Teotihuacán, the place where men become gods, remains to this day one of the great archeological mysteries of the Western Hemisphere.
The city was built in the Mexican highlands fifty kilometers northeast of modern-day Mexico City approximately 2000 years ago. By the year 400 AD, the influences of the sixth largest city in the world—advances in agriculture, new technologies, trade routes, and religions—were undeniably felt throughout Mesoamerica, yet 300 years later Teotihuacán was utterly abandoned. The city's original name, the ethnicity of its builders, the language they spoke, and the reason they spent over 200 years constructing the pyramids and edifices that remain to this day are completely unknown.
Undeniably, whoever built the enormous Pyramid of the Sun, the Pyramid of the Moon, and the vast Avenue of the Dead which stretches for 2.5 kilometers before them were the ancestors of the subsequent Toltec and Aztec cultures. It was the indigenous Nahuatl speakers who gave the necropolis its poetic name around the year 1000 AD, though significantly the site was left completely uninhabited throughout the years of Toltec and Aztec prominence. It is this fact which leads archeologists to posit that Teotihuacán was probably the most sacred site in a New World full of holy places.
It was only at the beginning of the twentieth century that serious excavation took place at Teotihuacán. The Pyramid of the Sun was first explored by Leopard Batres during the first decade. The 225 meters-on-a-side monument is 63 meters high and is constructed of limestone and volcanic rock. It is located, significantly, in the exact center of the city's monumental zone, on the east side of the Avenue of the Dead, directly over a cave which scholars believe was used for sacred rituals.
The Avenue of the Dead comprises the symbolic North-South Axis of the city and it connects the Pyramid of the Moon at the extreme North of the complex to the Ciudadela and the Great Compound in the South. Buildings, palaces, plazas and altars extended symmetrically from both sides of the thoroughfare, which basically divided the city of at least 125,000 inhabitants in half. Beneath the avenue is an aqueduct that evidently gathered rainwater from adjacent sloping architecture and drained it into the Rio San Juan.
The Pyramid of the Moon, facing due South, though smaller than the Pyramid of the Sun, is built on higher ground and is thus of equal height. It has been extensively excavated since 1998 and has been found to contain many other structures within its walls, including seven additional monuments, burial sites, and a number of sacrificial offerings.
Extremely comprehensive archeology has been carried out at el Templo de Quetzalcóatl—the Feathered Serpent Pyramid—since 1917 by Mexican scholars. Located at the geographical center of the city within a huge enclosure 400 meters on a side called the Ciudadela, this pyramid must have been the site of hugely important ceremonial occasions. Before it is the city's main plaza, which has room for over 100,000 people. In 1925 Pedro Dosal discovered a grave at each corner of the four-sided Templo de Quetzalcóatl. Since that time hundreds of ceremonial gravesites have been excavated, many of them arranged symmetrically. Quetzalcóatl was, of course, one of the primary deities of all the Mesoamerican cultures that followed the Toltecs.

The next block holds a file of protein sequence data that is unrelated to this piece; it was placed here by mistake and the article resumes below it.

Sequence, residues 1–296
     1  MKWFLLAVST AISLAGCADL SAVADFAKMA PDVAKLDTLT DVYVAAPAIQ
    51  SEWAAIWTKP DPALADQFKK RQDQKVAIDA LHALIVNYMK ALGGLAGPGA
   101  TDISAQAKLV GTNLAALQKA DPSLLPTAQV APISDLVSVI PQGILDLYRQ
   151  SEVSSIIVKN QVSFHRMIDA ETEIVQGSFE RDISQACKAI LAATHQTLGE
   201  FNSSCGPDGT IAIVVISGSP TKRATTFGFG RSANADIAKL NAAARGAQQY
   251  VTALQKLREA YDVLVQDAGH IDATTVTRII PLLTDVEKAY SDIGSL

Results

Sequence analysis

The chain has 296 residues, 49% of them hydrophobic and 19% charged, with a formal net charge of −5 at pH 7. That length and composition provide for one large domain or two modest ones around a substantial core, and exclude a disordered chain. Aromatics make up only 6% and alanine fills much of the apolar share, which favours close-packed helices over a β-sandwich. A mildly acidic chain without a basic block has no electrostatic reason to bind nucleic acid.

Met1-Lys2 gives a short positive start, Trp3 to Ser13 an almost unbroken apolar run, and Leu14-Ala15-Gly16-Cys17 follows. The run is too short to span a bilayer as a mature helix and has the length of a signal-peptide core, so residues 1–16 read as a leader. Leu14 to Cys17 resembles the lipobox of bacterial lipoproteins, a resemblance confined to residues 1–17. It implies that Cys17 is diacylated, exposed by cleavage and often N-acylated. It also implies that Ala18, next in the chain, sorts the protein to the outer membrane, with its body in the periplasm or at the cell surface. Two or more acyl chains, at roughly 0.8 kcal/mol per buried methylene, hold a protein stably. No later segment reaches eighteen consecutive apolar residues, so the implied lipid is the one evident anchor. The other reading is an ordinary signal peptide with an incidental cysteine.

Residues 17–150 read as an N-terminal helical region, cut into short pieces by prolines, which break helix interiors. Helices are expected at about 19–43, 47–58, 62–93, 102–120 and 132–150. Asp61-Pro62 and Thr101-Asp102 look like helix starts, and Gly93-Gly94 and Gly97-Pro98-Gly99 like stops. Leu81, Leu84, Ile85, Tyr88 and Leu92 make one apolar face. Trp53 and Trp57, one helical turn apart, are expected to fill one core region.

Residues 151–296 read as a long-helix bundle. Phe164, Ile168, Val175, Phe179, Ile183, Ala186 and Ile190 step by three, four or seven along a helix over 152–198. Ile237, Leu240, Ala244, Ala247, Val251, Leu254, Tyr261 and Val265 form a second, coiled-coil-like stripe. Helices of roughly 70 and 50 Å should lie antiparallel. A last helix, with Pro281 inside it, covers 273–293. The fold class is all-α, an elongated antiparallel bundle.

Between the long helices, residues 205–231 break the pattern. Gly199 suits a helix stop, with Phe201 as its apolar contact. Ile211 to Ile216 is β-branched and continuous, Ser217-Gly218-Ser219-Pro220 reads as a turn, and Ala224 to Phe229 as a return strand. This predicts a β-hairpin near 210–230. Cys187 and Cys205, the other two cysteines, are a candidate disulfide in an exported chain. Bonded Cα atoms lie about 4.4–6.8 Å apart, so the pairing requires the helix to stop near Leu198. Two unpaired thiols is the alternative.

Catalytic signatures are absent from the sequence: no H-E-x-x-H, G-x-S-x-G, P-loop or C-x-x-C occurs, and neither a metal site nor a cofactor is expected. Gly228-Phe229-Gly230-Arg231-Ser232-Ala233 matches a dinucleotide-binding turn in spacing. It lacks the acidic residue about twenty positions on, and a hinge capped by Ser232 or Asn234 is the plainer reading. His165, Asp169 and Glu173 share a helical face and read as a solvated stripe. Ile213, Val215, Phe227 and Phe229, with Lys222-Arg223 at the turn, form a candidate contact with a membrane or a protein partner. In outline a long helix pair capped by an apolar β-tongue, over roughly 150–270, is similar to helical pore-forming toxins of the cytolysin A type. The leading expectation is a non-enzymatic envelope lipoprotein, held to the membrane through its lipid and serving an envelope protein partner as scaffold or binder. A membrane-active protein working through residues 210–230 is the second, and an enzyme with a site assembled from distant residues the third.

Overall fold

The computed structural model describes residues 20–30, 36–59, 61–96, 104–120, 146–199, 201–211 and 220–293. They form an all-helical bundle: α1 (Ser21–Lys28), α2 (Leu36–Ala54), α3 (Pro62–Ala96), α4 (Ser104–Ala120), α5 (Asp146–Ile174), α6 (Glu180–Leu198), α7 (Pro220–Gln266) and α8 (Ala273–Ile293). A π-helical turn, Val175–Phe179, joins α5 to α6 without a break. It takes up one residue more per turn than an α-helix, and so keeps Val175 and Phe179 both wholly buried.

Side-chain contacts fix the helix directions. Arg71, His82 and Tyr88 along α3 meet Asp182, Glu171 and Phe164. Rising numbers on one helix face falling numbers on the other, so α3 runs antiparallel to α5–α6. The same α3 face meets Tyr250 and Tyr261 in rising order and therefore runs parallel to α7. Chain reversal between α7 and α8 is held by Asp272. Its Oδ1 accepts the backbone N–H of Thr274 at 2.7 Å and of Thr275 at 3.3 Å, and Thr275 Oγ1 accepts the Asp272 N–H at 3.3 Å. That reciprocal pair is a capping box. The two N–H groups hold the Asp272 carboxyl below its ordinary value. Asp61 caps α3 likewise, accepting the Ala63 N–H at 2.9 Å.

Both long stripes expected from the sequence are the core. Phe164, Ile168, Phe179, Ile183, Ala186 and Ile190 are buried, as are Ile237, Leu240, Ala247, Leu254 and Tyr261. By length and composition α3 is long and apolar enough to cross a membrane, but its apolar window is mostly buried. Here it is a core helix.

And the purpose for all of this? Pyramids that in many ways exceed those of the Pharaohs? A city-plan as symmetrical and well-conceived as Washington or Paris? A populace committed to deeply religious ways, to a lifestyle in total communion with nature and incomparably resonant with the seasons and astronomical absolutes?
Fray Bernardino de Sahagún, the Spanish priest and scholar whose writings exist today as the most comprehensive of all European first-person accounts of the Aztec people at the time of the Spanish conquest, wondered the same thing. He asked the Aztecs—with whom he conducted extensive interviews—what was meant by the name Teotihuacán, "the place where men become gods," and he received their reply in the form of a song:
They called this place Teotihuacán
because the kings were buried here,
for the ancients said:
"When we die, truly we become gods,
we awaken out of the dream
and begin to live again,
for this is our happiness."
And so they spoke to the dead, saying:
"Lord or lady, arise,
already the dawn is red,
already the sun is rising,
and the flame-colored birds are singing,
and the many-colored butterflies are flying."
And so when anyone dies,
they say he has become a god,
and to say: "He has become a god"
means: "He is dead."
Feathered Serpent and Smoking Mirror—the Gods and Cultures of Ancient Mexico,C.A. Burland and Werner Forman,
G.E. Putnam's Sons,
Orbis Publishing Limited, London 1975
Aztec Thought and Culture,
A Study of the Ancient Nahuatl Mind,
Miguel León-Portilla, translated from the Spanish by Jack Emory Davis, University of Oklahoma Press : Norman, 1963
Pre-Columbian Literatures of Mexico
Miguel León-Portilla, Translated from the Spanish by Grace Lobanov and the author, University of Oklahoma Press: Norman and London, 1969.
The Flayed God—The Mythology of Mesoamerica
Rebecca H. Markman & Peter T. Markman,
The Toltecs Until the Fall of Tula
, Nigel Davis, 1977
Quetzalcóatl and Guadalupe
, trans by B. Keen (1976)
, Robert Payne, photographs by Dick Davis, Harcourt, Brace and World, Inc., New York, 1968
On Mexico and the Aztecs:
An Aztec father advises his son
Bernardino de Sahagun
Human Sacrifice and the Aztecs
Ometeotl, beyond time and space
Talk like an Aztec
Tlazolteotl, the Filth Eater
What points its finger at the sky?
Below the Line